In Miami and elsewhere in Florida, a felony conviction means the loss of civil rights. A convicted felon cannot vote, hold public office, serve on a jury or hold some occupational licenses. These rights are permanently taken away unless the convicted felon completes a clemency application process and has his or her civil rights restored. If you have been convicted of a felony, having a Miami criminal defense attorney advocate on your behalf during the clemency application process can be of crucial importance.
In a recent appellate decision, a Florida court considered a defendant’s appeal related to restoration of rights. The defendant had pled no contest to possession of ammunition by a convicted felon and was appealing the denial of his motion to dismiss. He argued section 790.23(2)(a) unconstitutionally infringed on the executive branch’s authority to restore civil rights.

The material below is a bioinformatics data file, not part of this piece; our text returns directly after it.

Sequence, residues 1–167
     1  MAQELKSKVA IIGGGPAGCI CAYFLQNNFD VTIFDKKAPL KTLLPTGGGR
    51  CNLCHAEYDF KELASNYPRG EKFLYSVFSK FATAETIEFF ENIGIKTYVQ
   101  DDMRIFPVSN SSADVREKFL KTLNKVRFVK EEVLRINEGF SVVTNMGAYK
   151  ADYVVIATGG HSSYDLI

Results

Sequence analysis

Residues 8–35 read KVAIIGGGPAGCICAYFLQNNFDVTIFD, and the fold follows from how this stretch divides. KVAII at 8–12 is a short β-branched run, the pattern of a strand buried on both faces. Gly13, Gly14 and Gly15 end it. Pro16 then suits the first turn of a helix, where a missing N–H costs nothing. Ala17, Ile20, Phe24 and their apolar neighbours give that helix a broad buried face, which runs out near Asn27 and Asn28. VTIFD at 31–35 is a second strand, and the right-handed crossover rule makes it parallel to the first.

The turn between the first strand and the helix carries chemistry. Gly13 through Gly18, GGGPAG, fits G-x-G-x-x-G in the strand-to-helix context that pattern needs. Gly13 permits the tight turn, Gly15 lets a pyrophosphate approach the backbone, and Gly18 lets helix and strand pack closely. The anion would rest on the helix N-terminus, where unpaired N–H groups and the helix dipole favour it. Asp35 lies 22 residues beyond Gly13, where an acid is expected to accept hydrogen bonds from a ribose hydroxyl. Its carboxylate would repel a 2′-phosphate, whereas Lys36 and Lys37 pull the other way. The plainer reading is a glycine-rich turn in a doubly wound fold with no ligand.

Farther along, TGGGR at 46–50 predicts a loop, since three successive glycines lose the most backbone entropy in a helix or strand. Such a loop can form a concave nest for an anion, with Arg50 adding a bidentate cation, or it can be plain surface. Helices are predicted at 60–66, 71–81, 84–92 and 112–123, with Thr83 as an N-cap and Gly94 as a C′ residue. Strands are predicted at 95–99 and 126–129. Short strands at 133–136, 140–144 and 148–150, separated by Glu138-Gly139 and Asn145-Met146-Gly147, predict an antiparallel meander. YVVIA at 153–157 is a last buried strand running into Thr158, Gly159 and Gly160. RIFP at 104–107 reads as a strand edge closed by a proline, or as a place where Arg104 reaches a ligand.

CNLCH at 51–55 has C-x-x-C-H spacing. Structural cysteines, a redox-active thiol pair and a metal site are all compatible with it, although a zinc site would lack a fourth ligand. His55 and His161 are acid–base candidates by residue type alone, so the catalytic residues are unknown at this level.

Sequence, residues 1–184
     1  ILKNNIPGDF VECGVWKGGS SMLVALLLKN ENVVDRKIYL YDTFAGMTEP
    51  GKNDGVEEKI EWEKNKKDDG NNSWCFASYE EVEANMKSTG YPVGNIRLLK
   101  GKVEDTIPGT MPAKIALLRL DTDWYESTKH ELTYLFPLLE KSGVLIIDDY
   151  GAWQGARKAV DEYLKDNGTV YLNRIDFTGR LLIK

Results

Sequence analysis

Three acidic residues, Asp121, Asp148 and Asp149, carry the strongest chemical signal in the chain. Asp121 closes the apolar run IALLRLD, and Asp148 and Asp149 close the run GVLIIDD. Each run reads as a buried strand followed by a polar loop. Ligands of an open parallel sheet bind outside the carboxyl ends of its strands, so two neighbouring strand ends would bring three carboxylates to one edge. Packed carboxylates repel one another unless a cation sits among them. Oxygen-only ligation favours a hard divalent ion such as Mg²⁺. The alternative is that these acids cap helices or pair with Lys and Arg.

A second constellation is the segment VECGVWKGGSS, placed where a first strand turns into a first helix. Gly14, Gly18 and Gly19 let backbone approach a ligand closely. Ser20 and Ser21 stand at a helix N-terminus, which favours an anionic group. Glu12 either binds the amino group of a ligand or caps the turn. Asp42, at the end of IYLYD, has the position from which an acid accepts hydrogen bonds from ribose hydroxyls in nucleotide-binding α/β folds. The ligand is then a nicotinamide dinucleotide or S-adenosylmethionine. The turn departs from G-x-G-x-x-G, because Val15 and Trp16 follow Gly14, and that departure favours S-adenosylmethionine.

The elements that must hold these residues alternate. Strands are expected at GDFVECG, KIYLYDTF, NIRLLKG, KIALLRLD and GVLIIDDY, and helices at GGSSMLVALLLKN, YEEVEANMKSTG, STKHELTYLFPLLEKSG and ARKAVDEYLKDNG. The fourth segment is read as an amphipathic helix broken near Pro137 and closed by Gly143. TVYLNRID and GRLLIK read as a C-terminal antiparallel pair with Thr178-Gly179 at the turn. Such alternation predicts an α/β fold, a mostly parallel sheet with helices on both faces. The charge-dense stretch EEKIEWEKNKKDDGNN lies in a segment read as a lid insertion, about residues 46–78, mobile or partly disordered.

The case had arisen when the defendant was convicted of third-degree felony burglary of a structure. The Office of Executive Clemency restored his civil rights a year later. Restoration of rights excludes the authority to own or possess a firearm. Years later, the police searched his home based on a search warrant and found 12 rounds of live ammunition on his nightstand. The prosecutor charged him with a violation of 790.23(1)(a), possession of ammunition by a convicted felon.